Alcala resumes operations after printing more than 3 billion dollars in stablecoins by mistake

Alcala developers almost killed their own project by mistake, now they are resurrecting it with the help of the community.

Some blockchain projects have to deal with hackers and others, like Alcala, have to deal with their own developers. A “human error” a few weeks ago almost killed the entire project. However, thanks to the joint efforts of the community and developers, the problem has been resolved—should.

On September 26, the Acala network announced the reactivation of its operations after having recovered $2.970 million of the $3.022 million its team mistakenly printed in August.

The community referendum for Phase 1 of Acala’s resumption of operations has been approved and executed.

LPs that choose to burn LP tokens or withdraw liquidity on Acala now have the option to do so.

Acala (@AcalaNetwork) September 26, 2022

According to Acala, the community voted to keep the network up and running after burning most of the total ($2.7 billion) of printed tokens.

A very expensive mistake

On August 15, DeFi platform Acala published a report explaining how it mistakenly printed over 3 billion of its stablecoin aUSD, causing it to crash instantly. At that point, aUSD plummeted more than 99%, hitting prices below $0.01 per coin.

Search results for phase 2 + summary below. A total of $3,022 billion in aUSD errors were confirmed by 16 addresses. Acala’s #21 referendum burned ~1,292B. 1.682 billion aUSD errors in iBTC/aUSD LP tokens, obtained after the crash, remain on 16 Acala addresses.

Acala (@AcalaNetwork) Aug 17, 2022

Due to the issue, the network has decided to stop swaps, cross-chain communications on Polkadot and oracles, among other considerations. The team also said operations will be resumed “safely and gradually” once the bug is resolved and US dollar parity is restored.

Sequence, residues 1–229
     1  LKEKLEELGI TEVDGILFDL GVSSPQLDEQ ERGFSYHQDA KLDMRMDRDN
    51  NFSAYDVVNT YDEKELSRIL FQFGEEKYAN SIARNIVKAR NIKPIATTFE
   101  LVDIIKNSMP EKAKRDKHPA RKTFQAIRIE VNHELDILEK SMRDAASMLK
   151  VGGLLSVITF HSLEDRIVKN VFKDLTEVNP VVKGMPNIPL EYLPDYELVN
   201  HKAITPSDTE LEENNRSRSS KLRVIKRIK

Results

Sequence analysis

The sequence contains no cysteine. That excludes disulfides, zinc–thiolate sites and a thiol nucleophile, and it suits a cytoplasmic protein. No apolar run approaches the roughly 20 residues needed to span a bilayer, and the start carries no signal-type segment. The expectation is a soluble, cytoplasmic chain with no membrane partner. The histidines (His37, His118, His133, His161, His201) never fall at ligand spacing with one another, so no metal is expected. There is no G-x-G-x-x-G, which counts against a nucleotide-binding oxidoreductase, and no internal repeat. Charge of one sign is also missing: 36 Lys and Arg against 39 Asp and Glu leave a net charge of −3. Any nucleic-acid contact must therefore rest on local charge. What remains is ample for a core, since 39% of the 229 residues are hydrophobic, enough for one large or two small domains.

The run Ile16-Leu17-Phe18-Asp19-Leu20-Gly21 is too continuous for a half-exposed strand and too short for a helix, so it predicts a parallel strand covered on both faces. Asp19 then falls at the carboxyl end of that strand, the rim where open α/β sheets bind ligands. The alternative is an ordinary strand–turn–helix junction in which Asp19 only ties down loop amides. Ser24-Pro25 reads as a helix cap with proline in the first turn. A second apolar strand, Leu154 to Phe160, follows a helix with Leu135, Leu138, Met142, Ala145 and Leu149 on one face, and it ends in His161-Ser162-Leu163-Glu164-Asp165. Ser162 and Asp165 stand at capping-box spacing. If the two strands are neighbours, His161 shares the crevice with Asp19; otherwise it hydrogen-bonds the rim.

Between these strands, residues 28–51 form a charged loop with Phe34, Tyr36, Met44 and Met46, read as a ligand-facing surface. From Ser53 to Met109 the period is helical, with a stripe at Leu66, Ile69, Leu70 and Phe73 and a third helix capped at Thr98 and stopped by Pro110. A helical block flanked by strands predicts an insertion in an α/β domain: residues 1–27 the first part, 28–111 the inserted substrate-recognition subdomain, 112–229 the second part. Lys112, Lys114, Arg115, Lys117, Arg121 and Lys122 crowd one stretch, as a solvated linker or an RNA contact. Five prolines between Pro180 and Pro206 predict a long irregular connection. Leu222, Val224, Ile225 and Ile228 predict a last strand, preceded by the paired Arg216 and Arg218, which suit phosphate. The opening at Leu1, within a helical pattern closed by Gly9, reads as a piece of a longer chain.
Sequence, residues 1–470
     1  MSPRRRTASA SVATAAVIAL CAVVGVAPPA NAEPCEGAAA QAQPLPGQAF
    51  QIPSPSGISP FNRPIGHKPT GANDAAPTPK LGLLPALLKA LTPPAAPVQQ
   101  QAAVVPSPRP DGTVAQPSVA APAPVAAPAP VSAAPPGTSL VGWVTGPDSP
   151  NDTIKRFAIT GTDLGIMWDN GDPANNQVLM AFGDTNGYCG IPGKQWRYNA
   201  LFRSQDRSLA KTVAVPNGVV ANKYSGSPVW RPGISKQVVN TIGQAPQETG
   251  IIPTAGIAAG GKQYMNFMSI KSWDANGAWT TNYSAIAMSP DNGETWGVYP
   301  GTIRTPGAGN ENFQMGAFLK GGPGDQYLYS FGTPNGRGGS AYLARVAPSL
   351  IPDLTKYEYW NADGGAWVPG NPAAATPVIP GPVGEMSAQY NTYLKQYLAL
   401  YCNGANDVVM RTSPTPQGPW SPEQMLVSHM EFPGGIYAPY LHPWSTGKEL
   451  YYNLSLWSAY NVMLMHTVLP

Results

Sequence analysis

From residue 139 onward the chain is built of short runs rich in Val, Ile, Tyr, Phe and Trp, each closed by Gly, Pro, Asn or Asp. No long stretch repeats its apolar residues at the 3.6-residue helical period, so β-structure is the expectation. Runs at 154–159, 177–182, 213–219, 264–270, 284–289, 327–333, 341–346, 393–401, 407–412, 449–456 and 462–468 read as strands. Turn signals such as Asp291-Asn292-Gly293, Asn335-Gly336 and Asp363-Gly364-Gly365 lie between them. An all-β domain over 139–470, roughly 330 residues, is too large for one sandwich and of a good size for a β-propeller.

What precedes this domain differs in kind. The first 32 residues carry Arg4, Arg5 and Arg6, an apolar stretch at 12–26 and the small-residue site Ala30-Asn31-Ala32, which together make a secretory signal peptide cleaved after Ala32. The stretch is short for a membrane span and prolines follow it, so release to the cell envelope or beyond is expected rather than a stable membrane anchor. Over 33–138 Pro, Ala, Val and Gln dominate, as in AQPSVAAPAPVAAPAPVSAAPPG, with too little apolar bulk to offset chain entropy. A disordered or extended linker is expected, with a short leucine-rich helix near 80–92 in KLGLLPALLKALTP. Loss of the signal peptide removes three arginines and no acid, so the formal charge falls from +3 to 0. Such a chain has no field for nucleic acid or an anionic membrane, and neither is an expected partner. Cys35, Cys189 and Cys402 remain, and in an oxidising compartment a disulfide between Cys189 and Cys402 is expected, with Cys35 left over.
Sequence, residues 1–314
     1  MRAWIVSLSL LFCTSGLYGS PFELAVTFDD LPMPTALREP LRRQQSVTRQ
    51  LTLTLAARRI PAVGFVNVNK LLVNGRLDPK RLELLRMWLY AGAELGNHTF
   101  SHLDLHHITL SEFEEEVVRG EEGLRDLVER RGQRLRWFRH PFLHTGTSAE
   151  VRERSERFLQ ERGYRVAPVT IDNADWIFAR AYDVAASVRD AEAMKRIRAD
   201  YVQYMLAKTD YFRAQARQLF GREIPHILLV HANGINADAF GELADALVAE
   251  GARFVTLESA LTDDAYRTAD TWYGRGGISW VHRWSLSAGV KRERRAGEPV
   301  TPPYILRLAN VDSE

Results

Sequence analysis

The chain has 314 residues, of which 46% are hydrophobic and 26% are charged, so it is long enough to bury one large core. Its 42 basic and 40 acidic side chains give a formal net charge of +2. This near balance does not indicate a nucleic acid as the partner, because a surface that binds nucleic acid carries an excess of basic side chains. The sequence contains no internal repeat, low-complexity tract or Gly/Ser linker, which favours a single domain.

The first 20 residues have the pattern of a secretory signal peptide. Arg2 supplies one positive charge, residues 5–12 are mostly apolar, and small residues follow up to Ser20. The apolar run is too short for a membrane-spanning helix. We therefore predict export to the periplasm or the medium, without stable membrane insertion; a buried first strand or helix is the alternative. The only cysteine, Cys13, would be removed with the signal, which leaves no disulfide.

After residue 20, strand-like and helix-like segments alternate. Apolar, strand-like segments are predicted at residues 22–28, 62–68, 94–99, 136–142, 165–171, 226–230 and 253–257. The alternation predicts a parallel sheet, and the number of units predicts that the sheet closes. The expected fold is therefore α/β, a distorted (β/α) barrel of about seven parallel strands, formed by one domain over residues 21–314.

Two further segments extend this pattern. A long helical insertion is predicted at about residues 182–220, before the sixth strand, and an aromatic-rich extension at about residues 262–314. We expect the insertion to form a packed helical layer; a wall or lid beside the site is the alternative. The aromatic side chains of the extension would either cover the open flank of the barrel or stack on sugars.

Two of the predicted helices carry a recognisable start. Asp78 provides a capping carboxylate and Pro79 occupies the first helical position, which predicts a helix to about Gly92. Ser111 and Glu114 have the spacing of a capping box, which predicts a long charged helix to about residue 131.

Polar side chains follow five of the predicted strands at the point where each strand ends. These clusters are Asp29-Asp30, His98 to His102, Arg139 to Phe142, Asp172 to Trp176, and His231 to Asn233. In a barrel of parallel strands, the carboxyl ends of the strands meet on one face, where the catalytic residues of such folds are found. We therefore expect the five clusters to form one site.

In order to accommodate the mismined aUSD, emergency governance votes were adopted to suspend the horizon protocol, xtoken (move xcm out), EVM, non-ACA token transfer, oracle pallet and redemption Instant LDOT.”

Since then, the network has gone into maintenance mode that freezes user funds to revoke insecure tokens. The community then voted to identify and destroy the misprinted tokens, which restored activity despite the fact that aUSD remained at $0.77, a far cry from the $1 reference. la suitable.

Alcala and the status of aUSD to date

According to the latest Acala report, the network has a total circulating supply of 10,961,589, aUSD. Of which, a total of 5,837,712 aUSD has been decentralized by the Acala Foundation.

Additionally, the protocol managed to recapitalize and rebalance Acala Swap’s liquidity pools to pre-crash levels, thanks to the support of the Alcala platform, which donated 2,489,614 ACA, 80,853 DOT, 0.164 iBTC, 995.020 INTR, 530,700 LDOT.

As all aUSD in circulation is now collateralized and the liquidity pools recapitalized and rebalanced, the Acala network is poised to resume normal operations.”

However, some assets remain frozen by the community vote, while others are locked in a handful of centralized exchanges (CEXs) that have aided the aUSD recovery effort. Acala even offers a bonus of up to 5% for users who return money related to the incident.

Read more: The worst thing behind Bitcoin? Glassnode co-founders look at BTC status after another Fed rate hike

Centralization vs Decentralization

Although the Alcala team acted quickly, they still had to freeze user funds to keep the situation under control. This contradicts the censorship-resistant decentralized nature of the protocol.

Although Acala’s decision has been criticized by some users on social media, the collapse of another stablecoin, such as aUSD, could cause chaos for the crypto market, given its precedent. UST and LUNA.

I think it will have to move to Governance to become “decentralized” finance (DeFi). If Acala centrally controls that decision, is this really DeFi? (@ Gr33nHatt3R) August 14, 2022

Although Acala is back up and running on its network, it is now up to Acala to work to regain the trust of its users. And that is sometimes harder than coding a smart contract.

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